10 Things You Need to Know Before Buying a Mattress
1. NEGOTIATE. You can – and should – negotiate price on almost all mattresses. Most major mattress brands (except Tempur-pedic) have negotiable pricing and you will find it worth your while to haggle with the salesman. At the least, you should be able to get your salesperson to throw in some free pillows and/or sheets.
2. WARRANTY. Most mattresses come with a 10-year warranty. However, this warranty is void if the mattress has even the slightest stain on it. If you want to have a hope of using your mattress warranty at some point it is critical that you purchase a waterproof mattress cover. Some warranties also require that the bed be flipped every six months so ask your salesman about all of the details.
3. TAKE YOUR TIME! Don’t rush through the purchasing process. There are many different types of mattresses (innerspring, memory foam, air, water, futon) and even more manufacturers (Sealy, Serta, Simmons, Tempur-Pedic, King Koil, Spring Air, etc.). Don’t just lie down on a mattress for 10 seconds; take your time and relax on it, then try another. If you sleep with a partner be sure you bring that person with you to test. Lie on the bed facing away from your partner and see if you can figure out when he/she is getting in and out of bed.
4. FIRMNESS. Firmer is not necessarily better. There is a common sentiment that a firm bed is good for the spine. In fact, this is not the case. A very firm mattress doesn’t “give” which can force your spine to bend at the hips and shoulders. A softer (plusher) mattress can allow your hips and shoulders to sink into the bed slightly, keeping your spine straight when you sleep on your side. Don’t confuse firmness with supportive – they’re two different things. Like Goldilox, sometimes it’s best to pick the mattress that is not too firm and not too soft (plus) but somewhere in the middle: just right.
5. SIZE. Pick the right size for your height. If you’re a tall person (over 6 feet) you will probably want to go with a king-size bed. If you’re extremely tall you will want to consider the California king size. The California king is slightly narrower and taller than the “regular” California mattress. For most couples under six feet tall, a queen size bed should provide enough space to sleep comfortably. For spare rooms or for kids rooms, consider a mattress or a space-saving daybed used for seating and sleeping. These beds usually offer a trundle which can double as a storage drawer or when paired with a mattress can be used for additional sleeping capacity.
6. COILS. More coils are not necessarily better. As most salesmen will tell you when you first start shopping, the two main types of innerspring mattresses are an interlocking coil and independent coil. Interlocking coil mattresses actually require fewer coils because the coils are tied together with wire. Independent coil mattresses require more coils because each one must work on its own to support you. The benefit of an independent coil mattress is that it is less prone to movement if your partner is getting in and out of bed. This can be an important factor to consider if you’re a light sleeper.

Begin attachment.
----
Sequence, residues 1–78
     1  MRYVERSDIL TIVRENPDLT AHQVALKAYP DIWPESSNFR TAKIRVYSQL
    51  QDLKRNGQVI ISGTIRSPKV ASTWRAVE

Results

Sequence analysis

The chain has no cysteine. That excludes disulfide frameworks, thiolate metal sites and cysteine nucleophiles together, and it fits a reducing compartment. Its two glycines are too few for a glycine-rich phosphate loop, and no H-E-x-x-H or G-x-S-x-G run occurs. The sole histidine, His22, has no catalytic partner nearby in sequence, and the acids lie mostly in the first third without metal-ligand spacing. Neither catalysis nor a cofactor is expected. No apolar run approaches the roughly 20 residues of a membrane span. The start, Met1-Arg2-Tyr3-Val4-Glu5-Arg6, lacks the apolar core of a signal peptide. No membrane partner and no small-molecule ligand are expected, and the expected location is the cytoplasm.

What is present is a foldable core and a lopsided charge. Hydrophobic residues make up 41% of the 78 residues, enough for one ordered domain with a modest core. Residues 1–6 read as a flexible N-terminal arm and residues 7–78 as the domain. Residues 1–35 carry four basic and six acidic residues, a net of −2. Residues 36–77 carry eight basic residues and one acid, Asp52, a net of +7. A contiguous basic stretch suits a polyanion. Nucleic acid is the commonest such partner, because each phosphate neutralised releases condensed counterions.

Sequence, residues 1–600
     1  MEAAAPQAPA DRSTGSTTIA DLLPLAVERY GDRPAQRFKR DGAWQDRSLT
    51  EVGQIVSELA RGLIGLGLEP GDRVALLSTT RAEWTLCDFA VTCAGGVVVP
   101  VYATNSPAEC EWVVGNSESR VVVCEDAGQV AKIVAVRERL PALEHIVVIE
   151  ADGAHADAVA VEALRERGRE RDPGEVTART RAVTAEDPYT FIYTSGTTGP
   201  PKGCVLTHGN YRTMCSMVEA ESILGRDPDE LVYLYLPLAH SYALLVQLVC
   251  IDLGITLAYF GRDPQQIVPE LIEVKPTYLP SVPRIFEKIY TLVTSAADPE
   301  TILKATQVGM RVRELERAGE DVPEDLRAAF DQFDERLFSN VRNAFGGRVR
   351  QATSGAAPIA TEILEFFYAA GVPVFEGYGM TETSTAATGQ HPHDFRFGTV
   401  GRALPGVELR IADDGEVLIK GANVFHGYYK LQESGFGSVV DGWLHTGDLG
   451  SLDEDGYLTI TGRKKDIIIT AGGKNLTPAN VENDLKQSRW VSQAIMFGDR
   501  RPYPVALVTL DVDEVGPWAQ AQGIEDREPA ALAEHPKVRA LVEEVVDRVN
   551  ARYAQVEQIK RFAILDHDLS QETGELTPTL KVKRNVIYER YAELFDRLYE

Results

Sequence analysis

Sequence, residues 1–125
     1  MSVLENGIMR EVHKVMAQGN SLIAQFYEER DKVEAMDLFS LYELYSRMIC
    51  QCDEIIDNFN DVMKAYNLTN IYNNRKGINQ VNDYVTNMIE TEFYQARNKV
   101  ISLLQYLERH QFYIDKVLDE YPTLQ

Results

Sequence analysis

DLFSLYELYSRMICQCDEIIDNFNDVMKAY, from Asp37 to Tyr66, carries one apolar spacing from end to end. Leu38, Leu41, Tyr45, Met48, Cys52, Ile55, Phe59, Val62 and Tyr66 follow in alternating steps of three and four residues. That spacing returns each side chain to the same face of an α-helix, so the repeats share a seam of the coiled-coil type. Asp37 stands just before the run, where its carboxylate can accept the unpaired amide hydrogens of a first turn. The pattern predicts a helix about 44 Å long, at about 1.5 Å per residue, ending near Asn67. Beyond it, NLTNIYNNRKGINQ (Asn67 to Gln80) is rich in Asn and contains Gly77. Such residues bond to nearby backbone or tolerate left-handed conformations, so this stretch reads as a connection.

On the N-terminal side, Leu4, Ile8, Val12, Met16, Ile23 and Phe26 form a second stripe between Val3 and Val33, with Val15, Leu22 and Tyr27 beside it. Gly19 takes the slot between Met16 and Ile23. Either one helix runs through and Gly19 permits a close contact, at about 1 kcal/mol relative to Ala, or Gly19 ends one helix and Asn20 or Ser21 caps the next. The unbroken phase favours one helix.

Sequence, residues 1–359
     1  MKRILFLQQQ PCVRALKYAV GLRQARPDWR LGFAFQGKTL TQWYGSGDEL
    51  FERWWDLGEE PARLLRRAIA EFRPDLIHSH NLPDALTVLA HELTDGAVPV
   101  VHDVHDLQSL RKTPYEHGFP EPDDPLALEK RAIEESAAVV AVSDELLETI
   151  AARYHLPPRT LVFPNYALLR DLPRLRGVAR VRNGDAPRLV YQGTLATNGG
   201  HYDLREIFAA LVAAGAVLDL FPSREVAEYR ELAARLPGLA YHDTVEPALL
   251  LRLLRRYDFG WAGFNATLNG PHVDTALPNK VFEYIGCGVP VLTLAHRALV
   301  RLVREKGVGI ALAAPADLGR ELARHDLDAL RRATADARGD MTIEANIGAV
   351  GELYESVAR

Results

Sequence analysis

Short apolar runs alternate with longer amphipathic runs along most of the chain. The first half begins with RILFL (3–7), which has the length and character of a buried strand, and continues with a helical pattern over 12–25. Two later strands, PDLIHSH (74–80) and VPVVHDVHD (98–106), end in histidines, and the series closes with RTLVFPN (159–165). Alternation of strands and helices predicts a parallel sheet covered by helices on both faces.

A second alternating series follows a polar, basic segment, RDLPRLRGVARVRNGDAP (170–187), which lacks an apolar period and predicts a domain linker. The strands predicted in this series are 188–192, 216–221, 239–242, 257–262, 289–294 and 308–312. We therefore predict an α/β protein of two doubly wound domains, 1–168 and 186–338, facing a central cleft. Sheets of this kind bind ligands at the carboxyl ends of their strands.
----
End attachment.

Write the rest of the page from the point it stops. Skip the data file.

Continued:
7. HYBRIDS. Sometimes a hybrid mattress is worth considering. The lines between the different types of mattresses have blurred in recent years with the advent of innerspring mattresses with memory foam, innerspring futon mattresses, and innerspring mattresses that have water chambers inside them. Don’t get sold on too much hype – the ultimate test is how it feels to you.
8. BUDGET. Decide on a budget before you go into the store. Mattresses are very expensive – it will typically cost you at least $800 for a decent mattress & box spring combo and many people spend $2,000 or more on a bed. As you test different mattresses you will undoubtedly notice that the more expensive the mattress, the more comfortable it feels. Mattress salesmen love to use the “this will last you ten years so it will really only cost you fifty cents a night to sleep on this $3,000 mattress”. While that’s technically true, if you don’t finance it through the mattress store or a credit card, you have to pay that entire fee before you sleep on it for one night! If you set a budget before you go in of, say, $1200, look at mattresses up to the $1600 range and then bargain for your price. If the salesperson won’t take your offer go somewhere else. Sometimes if they see you physically heading for the door, $1200 will sound a lot better than no sale.
9. BRAND. Sometimes it’s worth it to go with a major brand. Smaller mattress retailers will sometimes try to sell you on a mattress that they claim is “just as good” as a major brand but at a much lower price. As with most things, you get what you pay for. Inexpensive mattresses are often cheaper because corners have been cut somewhere in the manufacturing process whether it’s the coils, the foam, the cotton batting, or the actual construction of the mattress itself. If you can afford it, you’ll likely get more miles out of a name brand mattress. Don’t be afraid to push your salesman! Negotiating is uncomfortable and difficult for many people but it helps to know what you want and what you want to pay for it before you go in. Don’t hold back when asking your salesperson hard questions about warranties, delivery fees, construction, and hidden charges. You’ll be much happier you asked the questions upfront rather than getting burned when you see the bill or getting denied on a warranty claim. If you’re going to spend $1,000 be sure you don’t get taken for a ride. More tips to help you choose a mattress here.
10. DON’T COUNT ON A PILLOW TOP. Some customers assume that they can “fix” a cheaper mattress by throwing a pillow top on it. This may sound like a good idea but, particularly for innerspring mattresses, if you don’t have good support underneath the pillow top will just follow the curve of the bed. In short, a sagging mattress can’t be repaired with a pillow top. Keep in mind that a euro top is simply a pillow top that’s been permanently sewn to the top of the mattress.